Welfare Discourages Self-Reliance

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How Welfare Discourages Self-Reliance Tragically, poverty is ubiquitous, everyone has encountered poverty in one way or another. Whether it be a personal experience or something as casual as crossing a homeless man on their street. The first instinct of any Good Samaritan is to assist any beggar they might encounter, however this might not be the best option. When viewed on a larger scale, such as the government’s many welfare programs, it becomes evident that simple charitable donations might not be the most effective long-term solution to America’s poverty crisis. The copious amounts of welfare received by the poor, encourage them to continue to receive compensation for not working instead of breaking free from poverty’s grasp. Almost without …show more content…
It is impossible then for a system so large that is capable, to a certain degree, of providing health care to an entire country. Clinics and hospitals have to purchase medical supplies, pay doctors and other medical professionals, and so on. The money, which provides for all of these expenses must come from an increase in taxes. Sweden for example, another country with publicly funded health care has tax rates that are nearly double that of the United States’ (Dietz). Even with increased tax rates supposedly paying for health care costs, many Canadians are finding that the public health care system Canada is known for, might not live up to its reputation. In 1993 the time between a referral and a meeting with a specialist has increased from 3.7 weeks to a staggering 8.3, however that’s only the beginning, wait times between meetings with specialists and actual treatment has increased by 4.2 weeks in the same time period (Krauss). Canadas failed public health care system has ended up costing recipients more and taking up more of their …show more content…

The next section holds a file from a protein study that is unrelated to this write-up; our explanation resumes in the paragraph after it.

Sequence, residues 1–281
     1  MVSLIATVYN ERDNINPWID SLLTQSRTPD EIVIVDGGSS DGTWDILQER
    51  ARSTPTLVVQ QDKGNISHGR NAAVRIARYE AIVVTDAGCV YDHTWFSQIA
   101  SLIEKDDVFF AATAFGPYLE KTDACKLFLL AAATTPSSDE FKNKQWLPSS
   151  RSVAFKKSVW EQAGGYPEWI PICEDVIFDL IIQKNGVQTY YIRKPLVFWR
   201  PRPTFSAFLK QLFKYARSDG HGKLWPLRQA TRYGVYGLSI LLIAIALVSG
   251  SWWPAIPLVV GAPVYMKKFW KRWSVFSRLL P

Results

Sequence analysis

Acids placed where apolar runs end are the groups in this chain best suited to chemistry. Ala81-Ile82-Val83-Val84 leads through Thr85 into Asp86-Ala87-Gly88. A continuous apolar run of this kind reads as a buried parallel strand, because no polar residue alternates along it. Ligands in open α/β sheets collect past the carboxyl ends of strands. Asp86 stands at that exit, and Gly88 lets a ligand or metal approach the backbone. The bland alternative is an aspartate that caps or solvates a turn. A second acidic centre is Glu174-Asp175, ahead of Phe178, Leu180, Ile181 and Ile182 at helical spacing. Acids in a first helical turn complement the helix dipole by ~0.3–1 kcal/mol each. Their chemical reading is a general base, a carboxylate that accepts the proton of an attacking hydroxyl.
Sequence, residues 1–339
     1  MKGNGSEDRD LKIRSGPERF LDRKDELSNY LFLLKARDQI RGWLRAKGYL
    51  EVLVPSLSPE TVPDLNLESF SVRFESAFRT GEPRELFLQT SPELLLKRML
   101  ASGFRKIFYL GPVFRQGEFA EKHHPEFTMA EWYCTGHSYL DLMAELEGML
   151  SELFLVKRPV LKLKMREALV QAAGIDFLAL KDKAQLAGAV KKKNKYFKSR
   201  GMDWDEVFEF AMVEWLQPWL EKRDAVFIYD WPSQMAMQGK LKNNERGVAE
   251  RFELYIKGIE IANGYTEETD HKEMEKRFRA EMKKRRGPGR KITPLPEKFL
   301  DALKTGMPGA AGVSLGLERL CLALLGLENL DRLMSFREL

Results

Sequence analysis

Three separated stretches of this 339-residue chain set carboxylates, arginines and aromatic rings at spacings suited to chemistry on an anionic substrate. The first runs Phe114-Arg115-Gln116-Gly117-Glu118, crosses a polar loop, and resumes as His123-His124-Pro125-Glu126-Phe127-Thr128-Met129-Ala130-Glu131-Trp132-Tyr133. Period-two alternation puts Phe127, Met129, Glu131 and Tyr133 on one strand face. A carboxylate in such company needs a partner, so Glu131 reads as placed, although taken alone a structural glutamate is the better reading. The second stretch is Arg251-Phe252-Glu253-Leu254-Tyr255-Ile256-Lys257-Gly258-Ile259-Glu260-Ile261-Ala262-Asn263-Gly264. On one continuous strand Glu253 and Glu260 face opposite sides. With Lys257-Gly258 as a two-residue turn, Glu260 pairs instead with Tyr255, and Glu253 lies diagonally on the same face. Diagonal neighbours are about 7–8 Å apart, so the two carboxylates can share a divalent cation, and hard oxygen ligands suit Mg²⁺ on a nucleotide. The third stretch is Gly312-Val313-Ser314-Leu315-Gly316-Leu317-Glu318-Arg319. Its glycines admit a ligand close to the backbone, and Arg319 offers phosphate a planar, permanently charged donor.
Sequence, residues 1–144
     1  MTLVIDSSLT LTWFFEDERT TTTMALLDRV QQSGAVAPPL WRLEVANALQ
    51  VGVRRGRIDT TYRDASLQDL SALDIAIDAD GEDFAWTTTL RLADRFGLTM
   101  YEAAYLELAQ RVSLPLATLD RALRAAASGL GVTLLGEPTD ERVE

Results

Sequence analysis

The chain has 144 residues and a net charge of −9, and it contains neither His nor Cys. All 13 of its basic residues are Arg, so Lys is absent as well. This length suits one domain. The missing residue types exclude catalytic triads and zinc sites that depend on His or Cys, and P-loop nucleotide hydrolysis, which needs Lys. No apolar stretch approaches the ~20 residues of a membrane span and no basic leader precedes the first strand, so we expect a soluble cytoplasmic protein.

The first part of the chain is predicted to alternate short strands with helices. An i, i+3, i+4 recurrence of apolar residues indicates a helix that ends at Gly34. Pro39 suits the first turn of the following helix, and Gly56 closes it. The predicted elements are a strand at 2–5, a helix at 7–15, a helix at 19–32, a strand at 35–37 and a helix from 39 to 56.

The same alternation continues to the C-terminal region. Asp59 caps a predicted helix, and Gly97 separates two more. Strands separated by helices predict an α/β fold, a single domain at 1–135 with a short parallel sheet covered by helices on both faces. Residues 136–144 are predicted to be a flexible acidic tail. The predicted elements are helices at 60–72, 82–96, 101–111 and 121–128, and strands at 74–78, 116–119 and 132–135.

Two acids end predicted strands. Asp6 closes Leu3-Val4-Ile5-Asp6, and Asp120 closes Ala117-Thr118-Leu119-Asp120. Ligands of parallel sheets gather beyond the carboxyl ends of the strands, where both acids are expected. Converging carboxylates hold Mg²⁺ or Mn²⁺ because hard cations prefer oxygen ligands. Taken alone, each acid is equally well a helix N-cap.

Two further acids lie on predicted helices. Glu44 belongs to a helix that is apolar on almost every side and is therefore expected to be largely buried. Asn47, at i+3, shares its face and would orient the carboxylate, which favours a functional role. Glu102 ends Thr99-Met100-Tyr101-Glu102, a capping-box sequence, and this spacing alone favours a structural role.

The problem has become so insurmountable that despite privately financed medical procedures being illegal, overwhelmed with patients, public hospitals are actually sending patients to these illegal private hospitals and clinics, which are so successful they are opening at a rate of one per week (Krauss). All of this paints a prime example of how welfare not only fails in assisting the public, but inversely harms them by costing them even more money for the same services. In order to force people into abandoning the tried and true private health care sector, Canada outlawed privately financed purchases of core medical services, and is the only industrialized nation to do so (Krauss). In order to entice people into using their system Canada had to outlaw any other alternative, ironically known as a monopoly which is also outlawed, and yet they still failed. Citizens in the thousands fled to illegal clinics and hospitals in order to escape the failed and unwanted welfare program and decided instead, to remain a little more

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